White Arkitekter has recently completed the Naturum Vattrenriket Visitors Center in the small, scenic town of Kristianstad. Built on the banks of the Helge River, the Swedish town is surrounded by wetlands and nature reserves… so it’s not too surprising that their new visitors center houses exhibits about the surrounding ecosystems. (Red-listed species indigenous to the area include the odd-sounding corncrake along with the great raft spider, which sounds a bit more menacing.)
While digging around the internets, I found this video taken around the town, the visitors center and moving along the elevated wooden bridges, over the water, and toward the later part, wandering around the dioramas, giant globes and shallow tanks that populate the interior of the building. It’s an entirely pleasant project filled with daylight and clad in graying timber. It’s also one of the tallest things around, affording visitors uncommon vistas of their habitat, which might look a little bleak in winter, but when it’s that cold out you don’t have to worry about the great raft spiders lurking underneath those long wooden bridges.
Loretta Lux is a photographer whose work instantly grabs your attention. I was flicking through an old journal of mine when I came across one of her images and it has stuck with me all day. Her portraits of children are as beautiful as they are unsettling, and as mesmerizing as they are eerie.
Lux is originally from Dresden but now living and working in Monaco. She creates her photographs with a combination of techniques including paining and digital manipulation. As times it can take her up to three months to produce a single image. For me, there’s a Norman Rockwell quality in her work and yet where Rockwell imbues his images with humor, Lux’s photographs seem far more restrained.
The way in which each photograph is manipulated means that her portraits fall into the uncanny valley, and from here the viewer begins to question whether or not these children are actually real. Personally I believe that they feed into that sub-genre of horror that plays on a ‘fear of children’. It’s not too hard to draw a connection between the images above and that of say Damien in the Omen or the famous twins seen in The Shining. Then again, perhaps that reading says far more about me then it does of Lux’s work. Maybe judge for yourself and check out the rest of her work online here
I’ve been wanting to write a post about Instagram for a while, as it’s probably the one app I use most. For a long time there were a number of people talking about how iPhone photos, and Instagram photos in turn, weren’t “real”, basically that they held no value. I say bullshit. Instagram has opened up a new world of art and community that couldn’t have existed without the iPhone or app culture.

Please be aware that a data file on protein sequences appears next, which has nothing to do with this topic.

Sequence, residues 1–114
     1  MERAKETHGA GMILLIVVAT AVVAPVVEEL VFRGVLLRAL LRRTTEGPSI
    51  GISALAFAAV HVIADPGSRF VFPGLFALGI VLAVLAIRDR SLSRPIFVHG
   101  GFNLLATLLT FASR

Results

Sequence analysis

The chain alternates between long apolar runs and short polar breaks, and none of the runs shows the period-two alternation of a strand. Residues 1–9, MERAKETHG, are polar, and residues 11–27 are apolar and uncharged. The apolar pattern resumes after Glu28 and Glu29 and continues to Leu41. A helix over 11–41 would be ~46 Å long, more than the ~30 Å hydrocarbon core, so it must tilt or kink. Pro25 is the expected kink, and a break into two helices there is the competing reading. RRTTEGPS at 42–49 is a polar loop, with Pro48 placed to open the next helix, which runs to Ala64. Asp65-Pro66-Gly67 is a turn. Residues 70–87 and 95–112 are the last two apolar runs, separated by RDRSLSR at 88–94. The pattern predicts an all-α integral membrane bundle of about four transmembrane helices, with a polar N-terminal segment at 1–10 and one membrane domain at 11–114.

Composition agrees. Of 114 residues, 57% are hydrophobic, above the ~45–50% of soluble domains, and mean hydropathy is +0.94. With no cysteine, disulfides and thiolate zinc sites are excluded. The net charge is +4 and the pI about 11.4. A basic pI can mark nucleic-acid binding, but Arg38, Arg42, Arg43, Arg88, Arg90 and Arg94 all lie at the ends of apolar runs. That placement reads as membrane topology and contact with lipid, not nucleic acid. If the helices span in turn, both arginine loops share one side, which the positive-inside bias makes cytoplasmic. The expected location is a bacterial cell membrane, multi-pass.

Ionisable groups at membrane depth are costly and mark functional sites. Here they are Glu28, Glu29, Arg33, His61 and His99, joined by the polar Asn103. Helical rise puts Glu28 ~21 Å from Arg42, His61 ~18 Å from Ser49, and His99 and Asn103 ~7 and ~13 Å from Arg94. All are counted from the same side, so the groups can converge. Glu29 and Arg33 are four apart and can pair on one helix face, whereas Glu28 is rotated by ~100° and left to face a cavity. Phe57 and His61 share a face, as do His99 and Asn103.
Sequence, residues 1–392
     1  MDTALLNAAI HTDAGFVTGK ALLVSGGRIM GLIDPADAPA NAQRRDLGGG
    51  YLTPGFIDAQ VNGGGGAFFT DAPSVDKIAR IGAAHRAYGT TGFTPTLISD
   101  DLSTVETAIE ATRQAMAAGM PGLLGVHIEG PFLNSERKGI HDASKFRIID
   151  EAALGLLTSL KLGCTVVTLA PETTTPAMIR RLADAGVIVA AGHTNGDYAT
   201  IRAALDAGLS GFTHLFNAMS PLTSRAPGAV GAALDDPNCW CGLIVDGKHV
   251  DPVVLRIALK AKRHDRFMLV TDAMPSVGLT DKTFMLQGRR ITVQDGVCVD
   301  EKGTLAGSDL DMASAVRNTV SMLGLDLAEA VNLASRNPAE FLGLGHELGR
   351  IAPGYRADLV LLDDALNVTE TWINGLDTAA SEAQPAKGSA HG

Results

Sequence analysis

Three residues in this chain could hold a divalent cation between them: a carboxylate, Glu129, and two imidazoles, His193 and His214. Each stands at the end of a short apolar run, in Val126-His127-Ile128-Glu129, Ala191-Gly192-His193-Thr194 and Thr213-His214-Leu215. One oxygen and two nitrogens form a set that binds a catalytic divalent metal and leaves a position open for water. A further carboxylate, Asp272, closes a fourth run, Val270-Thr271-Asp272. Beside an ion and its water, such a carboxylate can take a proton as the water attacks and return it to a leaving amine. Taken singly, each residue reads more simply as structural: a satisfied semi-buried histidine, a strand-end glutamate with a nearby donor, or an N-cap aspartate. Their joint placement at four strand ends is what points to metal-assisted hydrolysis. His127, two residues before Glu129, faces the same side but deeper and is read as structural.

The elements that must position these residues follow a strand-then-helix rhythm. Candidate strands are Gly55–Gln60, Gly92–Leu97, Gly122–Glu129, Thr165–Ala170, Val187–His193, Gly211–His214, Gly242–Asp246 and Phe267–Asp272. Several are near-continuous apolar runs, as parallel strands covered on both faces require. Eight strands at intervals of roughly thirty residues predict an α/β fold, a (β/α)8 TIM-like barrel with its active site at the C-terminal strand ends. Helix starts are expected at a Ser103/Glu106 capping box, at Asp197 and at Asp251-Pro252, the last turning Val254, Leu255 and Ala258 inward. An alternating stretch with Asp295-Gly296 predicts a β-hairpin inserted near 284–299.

When I read this article by Nate Bolt over on Techcrunch it was basically all of my thoughts wrapped up into one, concise article. Nate does a great job of outlining what makes Instagram special: Quality, Audience, Access, Immediacy and Constraints. The final point, Constraint, is exactly why Instagram works, here’s what Nate has to say:
It might seem trivial, but showing one photo at a time is a design decision that creates more value for each image, and enhances your viewing experience. Plus it doesn’t hurt to have the images trapped inside a beautiful iPhone screen. It almost doesn’t matter who you follow—their photos probably look better one at a time. From a UX perspective, we keep learning that interfaces with constraints are successful, and it seems like such a straight-forward principle (140 characters, ahem), but it’s kind of worthless on it’s own. Obviously you can’t introduce constraints without other elements, which is why this is the last point. There’s something enticing about knowing that most Instagram photos are created on the iPhone, since it introduces a NASCAR-like equality. That makes it fun to see what other people can create with the same technical constraints you have. Photography has always been all about the equipment, and not at all about the equipment. Knowing millions of people are creating with roughly the same camera and app as you makes it exciting creatively. So constraints, combined with quality and an audience are what makes Instagram so addictive.
Above is a photo I took of Los Angeles and the Hollywood Reservoir. If you look in the back you can see a thin white line, which is actually the Pacific Ocean. The camera is on the iPhone 4 is amazing, and the social aspect of Instagram allows me to share this amazing site with my friends. Be sure to read Nate’s article, it’s a winner, and if you’re not on Instagram, what are you waiting for?
I figured to get your creative juices flowing for the Romeo and Juliet Re-Covered Books Contest I should point you to a guy who’s creating amazing covers. His name is Peter Medelsund and he’s the senior designer at Knopf, making covers both complex and minimal, but always getting the point across. I was introduced to Peter’s work through his Kafka covers, which I posted about back in January. Since then I’ve followed his work, soaking in and figuring out what he does and how he does it.
What I really appreciate about Mendelsund’s work is how effortless he makes it seem. I’m sure he labors and toils while he dreams up these covers, but you wouldn’t know. His work adorns the covers of books from all genres, manga to poetry, but each one looks and feels special. I’d suggest looking over the links below as well as reading this interview he did with design:related to get his backstory.